I treated myself to a homemade meatball made from grass-fed beef, a bit of apple granola, and a chicken burrito. After talking to various farming representatives in the area, we all moved into the theater for Songs of Food and Farming performed by Creek Iverson, the new farmer at Brook Farm, and his partner, Lisa Mitten. After the music, Chef Ann Cooper gave an informative lecture and moderated a panel of other school food service directors and advocates for healthy school food.
Piled into the theatre auditorium of Rondout Valley High School were farmers, students, educators, and parents gathered together to listen and learn from the Renegade Lunch Lady Ann Cooper and others who have a great voice in the public school food service world. Chef Ann Cooper, who was the main speaker for the event, is currently the Food Services Director at Boulder Valley School District in Boulder, Colorado and is known for her great work in improving school food systems.
Starting off her presentation on how we can work to improve the food we serve our children in schools, Ms. Cooper woke us up to the idea that “hungry kids can’t learn and malnourished kids can’t think.” She reminded us that changing school food is not for the faint of heart because, as she highlighted throughout her presentation, it takes an enormous effort in order to make even a small change. Ms. Cooper then discussed how school food, although essentially a part of government, is inextricably connected to our children’s health and education.
Ms. Cooper went on to point out that US agriculture uses 1.2 billion pesticides per year—that’s five pounds per person. She mentioned that the US presently has more prisoners than farmers, while emphasizing what she calls the sustainable food triple bottom line: people, planet, and prosperity. After reviewing a laundry list of what she wanted out of schools, which included refined sugars, fried foods, sodas, candy, chips, chocolate milk, high fructose corn syrup, antibiotics, and hormones, among others, she moved onto what she wanted in schools: healthy cold white milk, unlimited free water, composting and recycling programs, whole grains at every meal, school gardens, garden tastings, salad bars, and updated school wellness policies. Ms. Cooper finished her presentation by claiming “it should be a birthright in our country that every child has healthy delicious food in school every day.”
After Ms. Cooper’s portion of the event, a group of sustainable food activists, food services directors, and farmers, including Director of Food Services at Guilford, Connecticut Public Schools, Chef Timothy Cipriano, Bruce Davenport of Davenport Farms, Food Service Director, Todd Fowler, Director of Food Service at Keene, NY Central School, Julie Holbrook, author Janet Poppendieck, and Food Service Director at Rondout Valley Schools, Chris van Damm, participated in a panel discussion entitled “Local Food Goes to School.”
In response to the first topic concerning what can be done in order to get more local and healthy food into schools, many of the panelists championed the initiative to put a salad bar into every school, which has been part of the recent work of first lady Michelle Obama. Salad bars are one way children in lower income school districts might have greater access to healthier foods. Other responses included putting gardens in every school and growing food for use in the cafeteria. Some of the panelists posited that food education for students at a young age is one method by which to get children to understand that “food is medicine and medicine is food.”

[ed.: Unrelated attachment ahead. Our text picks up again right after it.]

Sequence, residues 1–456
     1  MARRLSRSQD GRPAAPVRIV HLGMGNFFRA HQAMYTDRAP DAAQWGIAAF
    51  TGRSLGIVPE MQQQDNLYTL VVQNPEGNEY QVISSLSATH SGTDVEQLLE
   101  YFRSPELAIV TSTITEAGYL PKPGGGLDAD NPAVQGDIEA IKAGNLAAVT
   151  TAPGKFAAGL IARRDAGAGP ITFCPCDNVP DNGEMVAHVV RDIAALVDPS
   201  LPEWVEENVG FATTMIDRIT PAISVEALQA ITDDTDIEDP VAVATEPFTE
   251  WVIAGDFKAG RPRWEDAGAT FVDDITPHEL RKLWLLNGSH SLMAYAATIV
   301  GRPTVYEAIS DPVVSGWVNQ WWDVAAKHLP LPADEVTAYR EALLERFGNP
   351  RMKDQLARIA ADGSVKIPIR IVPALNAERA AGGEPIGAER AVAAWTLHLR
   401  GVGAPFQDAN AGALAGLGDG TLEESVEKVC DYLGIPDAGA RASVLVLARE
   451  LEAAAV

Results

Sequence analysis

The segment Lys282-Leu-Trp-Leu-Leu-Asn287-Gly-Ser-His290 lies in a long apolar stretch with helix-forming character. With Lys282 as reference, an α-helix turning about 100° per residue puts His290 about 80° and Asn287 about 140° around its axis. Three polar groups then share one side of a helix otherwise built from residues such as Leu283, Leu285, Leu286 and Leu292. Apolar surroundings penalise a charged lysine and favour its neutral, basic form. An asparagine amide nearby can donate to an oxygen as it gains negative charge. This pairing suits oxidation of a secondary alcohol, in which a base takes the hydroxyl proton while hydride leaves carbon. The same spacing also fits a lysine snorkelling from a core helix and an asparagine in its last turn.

The panel then responded to questions from the audience. In response to a question concerning where we go from here, one of the panelists reminded us that school food system changes do not happen overnight—they happen with patience and continual hard work. One audience member inquired about how to properly educate students about healthy food, and the panelists emphasized starting the process at a young age by requiring health classes to include education on nutrition as well as body image, and even working to educate parents on the foods they feed their children. The discussion ended with a question from a child in the audience who curiously asked: “what if we could make a sugar that everyone liked but wasn’t bad for you?” Ms. Cooper responded by mentioning that there do exist good types of sugars (like those eaten as fruits) and that any added sugar should be used in moderation and consumed in concurrence with sufficient amounts of fruits and vegetables.
The panel discussion, audience’s questions, and Ms. Cooper’s presentation were all very terrifyingly real. The whole event gave us all a reality check about what has been entering our children’s bodies and thus considered nutrition. It is my sincere hope that events such as these continue to happen across the country so that the food we allow our schools to feed our children continues to improve in locality and nutrition. I felt as though I were becoming a part of a movement simply through my participation, and I cannot wait to find out ways in which I can contribute to this effort.
Do you enjoy working with fellow shareholders to ensure the smooth flow of our CSA Distribution? Are you friendly and enjoy meeting people? Do you possess good judgment, communication skills and the ability to work with diverse people?
If so, download the job description to learn more about this Bartershare Position.
|Tuesday Distribution Coordinator 2013.doc||116.5 KB|
Save the Date
As part of the new Poughkeepsie Plenty Food Coalition created with the support of the PFP, a group of community members have been meeting (next meeting April 23rd at 7pm at Mainstay on Main Street) to encourage gardening and eating healthy, local food in the City of Poughkeepsie. We call ourselves the "Urban Gardening Group" - although the acronym, UGG, leaves something to be desired. We are planning a number of events this year, from attending community events to encourage people to garden and try local foods, to creating pop-up gardens in city parks! So, we need help from gardeners, eaters, and everyone in between.
The vision of the Urban Gardening Group is to “foster a dynamic, engaged community that knows how to grow and cook local, healthy food.” In order to accomplish this vision, the UGG is committed to outreach for building enthusiasm about gardening and cooking by:
- Creating pop-up gardens in the City of Poughkeepsie
- Establishing a gardening/healthy eating presence at community events
- Developing a website to compile information